# It is also worth noting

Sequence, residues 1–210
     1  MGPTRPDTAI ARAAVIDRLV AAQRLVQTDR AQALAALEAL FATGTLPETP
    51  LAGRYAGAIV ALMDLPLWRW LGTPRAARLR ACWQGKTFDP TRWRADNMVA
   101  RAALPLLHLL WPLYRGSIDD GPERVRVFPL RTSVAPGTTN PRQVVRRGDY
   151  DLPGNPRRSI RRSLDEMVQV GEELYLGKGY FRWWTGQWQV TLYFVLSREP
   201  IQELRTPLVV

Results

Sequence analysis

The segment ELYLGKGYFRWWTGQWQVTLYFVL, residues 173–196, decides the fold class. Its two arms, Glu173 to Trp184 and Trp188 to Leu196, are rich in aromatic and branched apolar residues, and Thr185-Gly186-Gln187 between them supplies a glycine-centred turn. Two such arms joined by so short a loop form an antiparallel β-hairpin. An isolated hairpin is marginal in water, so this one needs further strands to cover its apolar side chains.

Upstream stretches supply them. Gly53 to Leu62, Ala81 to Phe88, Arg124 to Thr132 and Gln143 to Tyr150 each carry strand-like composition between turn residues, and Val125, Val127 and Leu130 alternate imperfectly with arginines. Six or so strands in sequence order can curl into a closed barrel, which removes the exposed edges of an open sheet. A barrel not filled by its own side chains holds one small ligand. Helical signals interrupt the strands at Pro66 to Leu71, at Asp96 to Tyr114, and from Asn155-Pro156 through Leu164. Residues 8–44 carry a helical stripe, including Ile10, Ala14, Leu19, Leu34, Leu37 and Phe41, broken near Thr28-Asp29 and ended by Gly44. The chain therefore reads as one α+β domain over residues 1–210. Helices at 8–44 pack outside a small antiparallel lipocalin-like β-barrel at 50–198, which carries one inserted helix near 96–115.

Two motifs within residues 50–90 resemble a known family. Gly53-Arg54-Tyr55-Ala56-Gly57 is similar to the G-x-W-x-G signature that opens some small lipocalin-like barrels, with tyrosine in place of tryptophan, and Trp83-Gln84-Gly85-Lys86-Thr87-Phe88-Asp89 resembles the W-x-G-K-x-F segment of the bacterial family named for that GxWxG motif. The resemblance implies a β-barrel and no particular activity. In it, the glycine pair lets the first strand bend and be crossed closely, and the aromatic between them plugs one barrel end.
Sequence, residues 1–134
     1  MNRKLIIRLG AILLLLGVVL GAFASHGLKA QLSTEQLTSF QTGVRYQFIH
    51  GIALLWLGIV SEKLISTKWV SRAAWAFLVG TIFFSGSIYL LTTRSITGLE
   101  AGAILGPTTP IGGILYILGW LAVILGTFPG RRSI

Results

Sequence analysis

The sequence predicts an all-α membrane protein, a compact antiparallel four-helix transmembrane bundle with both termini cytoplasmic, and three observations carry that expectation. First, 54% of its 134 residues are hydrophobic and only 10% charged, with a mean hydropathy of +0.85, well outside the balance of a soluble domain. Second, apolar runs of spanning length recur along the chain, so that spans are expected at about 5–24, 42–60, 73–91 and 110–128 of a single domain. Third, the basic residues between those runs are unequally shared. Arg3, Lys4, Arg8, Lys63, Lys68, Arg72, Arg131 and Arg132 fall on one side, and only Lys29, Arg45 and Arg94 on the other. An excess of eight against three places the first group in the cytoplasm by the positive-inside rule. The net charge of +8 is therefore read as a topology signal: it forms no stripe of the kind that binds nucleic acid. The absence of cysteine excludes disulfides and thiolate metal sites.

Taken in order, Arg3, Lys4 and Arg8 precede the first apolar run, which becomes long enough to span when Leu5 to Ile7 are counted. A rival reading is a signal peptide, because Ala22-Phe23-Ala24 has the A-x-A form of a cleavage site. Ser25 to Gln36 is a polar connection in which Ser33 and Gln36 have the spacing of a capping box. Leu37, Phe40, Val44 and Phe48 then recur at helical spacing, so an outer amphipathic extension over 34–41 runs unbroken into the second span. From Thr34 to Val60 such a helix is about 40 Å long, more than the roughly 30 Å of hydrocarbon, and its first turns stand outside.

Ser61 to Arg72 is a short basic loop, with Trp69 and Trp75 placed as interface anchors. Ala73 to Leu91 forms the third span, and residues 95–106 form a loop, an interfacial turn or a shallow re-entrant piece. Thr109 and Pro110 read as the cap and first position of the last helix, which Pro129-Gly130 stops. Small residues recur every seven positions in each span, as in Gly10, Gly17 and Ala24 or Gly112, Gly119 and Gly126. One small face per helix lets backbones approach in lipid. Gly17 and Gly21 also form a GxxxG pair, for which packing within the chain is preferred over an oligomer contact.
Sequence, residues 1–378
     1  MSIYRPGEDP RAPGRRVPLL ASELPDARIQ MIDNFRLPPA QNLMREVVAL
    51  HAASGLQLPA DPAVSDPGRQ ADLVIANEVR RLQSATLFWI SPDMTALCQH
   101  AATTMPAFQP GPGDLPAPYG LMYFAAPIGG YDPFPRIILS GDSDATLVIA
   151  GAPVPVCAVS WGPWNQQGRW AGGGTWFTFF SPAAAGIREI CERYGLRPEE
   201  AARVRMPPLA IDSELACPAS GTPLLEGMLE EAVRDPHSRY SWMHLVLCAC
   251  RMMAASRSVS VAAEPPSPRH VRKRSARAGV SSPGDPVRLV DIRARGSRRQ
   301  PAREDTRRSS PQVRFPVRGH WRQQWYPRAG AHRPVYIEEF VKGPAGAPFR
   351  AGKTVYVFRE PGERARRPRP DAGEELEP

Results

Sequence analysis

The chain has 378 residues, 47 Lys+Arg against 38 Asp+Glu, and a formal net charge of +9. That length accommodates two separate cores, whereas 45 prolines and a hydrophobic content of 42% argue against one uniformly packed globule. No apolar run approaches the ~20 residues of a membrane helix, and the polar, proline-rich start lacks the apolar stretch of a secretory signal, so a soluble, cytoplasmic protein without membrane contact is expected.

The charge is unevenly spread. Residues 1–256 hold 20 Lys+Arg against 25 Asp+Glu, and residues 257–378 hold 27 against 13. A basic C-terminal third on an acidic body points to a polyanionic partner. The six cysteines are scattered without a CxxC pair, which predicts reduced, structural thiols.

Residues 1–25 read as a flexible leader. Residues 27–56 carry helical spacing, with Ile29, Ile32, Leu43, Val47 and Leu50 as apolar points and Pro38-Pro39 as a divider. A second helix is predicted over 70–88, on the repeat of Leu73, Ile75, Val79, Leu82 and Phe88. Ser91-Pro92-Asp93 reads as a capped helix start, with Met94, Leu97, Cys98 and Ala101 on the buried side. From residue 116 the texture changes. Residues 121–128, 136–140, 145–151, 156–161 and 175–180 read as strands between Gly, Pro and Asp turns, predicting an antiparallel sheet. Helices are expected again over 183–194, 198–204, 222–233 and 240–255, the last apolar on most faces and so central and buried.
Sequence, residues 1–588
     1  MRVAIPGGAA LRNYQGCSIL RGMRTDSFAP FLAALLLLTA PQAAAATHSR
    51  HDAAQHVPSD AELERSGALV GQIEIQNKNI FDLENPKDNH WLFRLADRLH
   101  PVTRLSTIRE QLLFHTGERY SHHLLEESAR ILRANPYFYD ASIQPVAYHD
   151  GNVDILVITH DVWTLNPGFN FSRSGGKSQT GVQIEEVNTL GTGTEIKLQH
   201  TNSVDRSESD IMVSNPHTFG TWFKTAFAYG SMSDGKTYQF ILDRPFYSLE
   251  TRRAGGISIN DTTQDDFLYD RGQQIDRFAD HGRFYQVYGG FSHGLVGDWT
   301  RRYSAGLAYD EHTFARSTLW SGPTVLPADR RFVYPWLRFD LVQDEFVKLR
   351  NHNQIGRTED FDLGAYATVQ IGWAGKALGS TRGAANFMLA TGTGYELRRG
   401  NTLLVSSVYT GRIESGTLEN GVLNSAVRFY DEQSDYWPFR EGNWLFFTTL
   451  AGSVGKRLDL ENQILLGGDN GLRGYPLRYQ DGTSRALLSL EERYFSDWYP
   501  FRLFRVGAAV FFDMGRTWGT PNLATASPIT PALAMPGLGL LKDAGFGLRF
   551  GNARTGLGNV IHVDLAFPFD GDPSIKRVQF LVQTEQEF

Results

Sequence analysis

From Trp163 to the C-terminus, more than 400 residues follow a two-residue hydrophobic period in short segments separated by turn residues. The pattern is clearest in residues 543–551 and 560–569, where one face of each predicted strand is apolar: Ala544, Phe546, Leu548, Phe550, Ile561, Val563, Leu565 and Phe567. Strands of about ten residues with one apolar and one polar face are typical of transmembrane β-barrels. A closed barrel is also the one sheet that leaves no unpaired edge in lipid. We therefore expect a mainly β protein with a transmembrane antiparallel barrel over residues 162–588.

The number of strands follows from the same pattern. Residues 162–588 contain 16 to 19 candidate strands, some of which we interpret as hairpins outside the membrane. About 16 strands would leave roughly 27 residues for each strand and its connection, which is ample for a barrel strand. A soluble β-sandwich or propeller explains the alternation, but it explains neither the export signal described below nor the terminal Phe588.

It is also worth noting that the current relevance of cardinality-constrained portfolios is controversial. The main reason is straightforward: with the advent of new financial instruments such as exchange traded funds (ETF), nowadays investors can easily buy or sell a benchmark portfolio by investing only in a single asset, thus overcoming potential restrictions that arise when many assets have to be traded. Therefore, the practical relevance of the cardinality-constrained portfolio is questionable as the financial market provides specific instruments that replicates near-to-perfection alternative benchmark portfolios such as stock market indices. One potential concern that arises when addressing this question is the underdiversification of the resulting portfolios. That is, investors holding a cardinality-constrained portfolio might be subjected to a high level of unsystematic risk. In fact, Statman (1987) shows that for the US market a diversified portfolio would contain at least 30 stocks. However, the study of the relationship between portfolio size and risk in Statman (1987) is based on equally weighted randomly selected assets. In this sense, Jacob (1974) and Johnson and Shannon (1974) argue that it purchase Tozadenant is possible to obtain the same level of variation with far greater average portfolio returns and – more importantly – with fewer securities in the portfolio by using an alternative allocation scheme, thus enforcing the argument in favor of the optimal cardinality-constrained portfolios. In this paper we obtain cardinality-constrained minimum variance portfolios by implementing the reformulation proposed by Coleman et al. (2006) of the original (cardinality-unconstrained) problem. The advantages of this approach are threefold. First, it approximates the discontinuous counting function with a sequence of continuously differentiable non-convex piecewise quadratic functions which approaches the original non-differentiable counting function in the limit. Second, the approach can be easily implemented in most commercial packages and standard optimization algorithms such as Matlab\'s fmincon. Third, simulation results reported in Coleman et al. (2006) show that this approach outperforms other approaches such as the one proposed in Jansen and Van Dijk (2002) in yielding cardinality-constrained portfolios with lower tracking error. We provide empirical evidence involving a large data set consisting of daily returns of 45 stocks traded at the Brazilian equities markets from March/2009 to November/2011. We implement the cardinality-constrained minimum variance using the reformulation proposed in Coleman et al. (2006) along with a robust estimate of the covariance matrix of stock returns as proposed in Ledoit et al. (2004). We consider optimal portfolios with 3, 5, and 10 assets and a daily, weekly, and monthly re-balancing frequencies. Moreover, we formally test the differences in portfolio risk (standard deviation) and in risk-adjusted performance measured in terms of Sharpe ratios with respect to the Ibovespa index by employing a bootstrap approach proposed in Politis and Romano (1994). In this sense, the paper adds to the literature by providing a realistic out-of-sample implementation and evaluation of the cardinality-constrained portfolios and provide comparative analysis with respect to the main benchmark index under alternative re-balancing frequencies. The results are favorable to the cardinality-constrained portfolios considered in the paper. We find that optimal portfolios containing only 3 assets outperform the market portfolio in terms of lower risk and higher Sharpe ratios. Moreover, this result is also robust to the choice of portfolio re-balancing frequency. For instance, in the case of monthly re-balancing the portfolio standard deviation of the cardinality-constrained minimum variance portfolio with only 3 assets is 1.14, whereas the same figure for the Ibovespa is 1.43. The Sharpe ratio of the minimum variance portfolio with 3 assets is 0.068 whereas the same figure for the Ibovespa is -0.038. The results with daily and weekly re-balancing frequencies are even more favorable to the cardinality-constrained portfolios, although this is also accompanied by an increase in portfolio turnover. Overall, our results corroborate the evidence in Jacob (1974) and Johnson and Shannon (1974) as we find that Lysosomes is possible to obtain better risk-adjusted performance with fewer securities in the portfolio by using an alternative allocation scheme.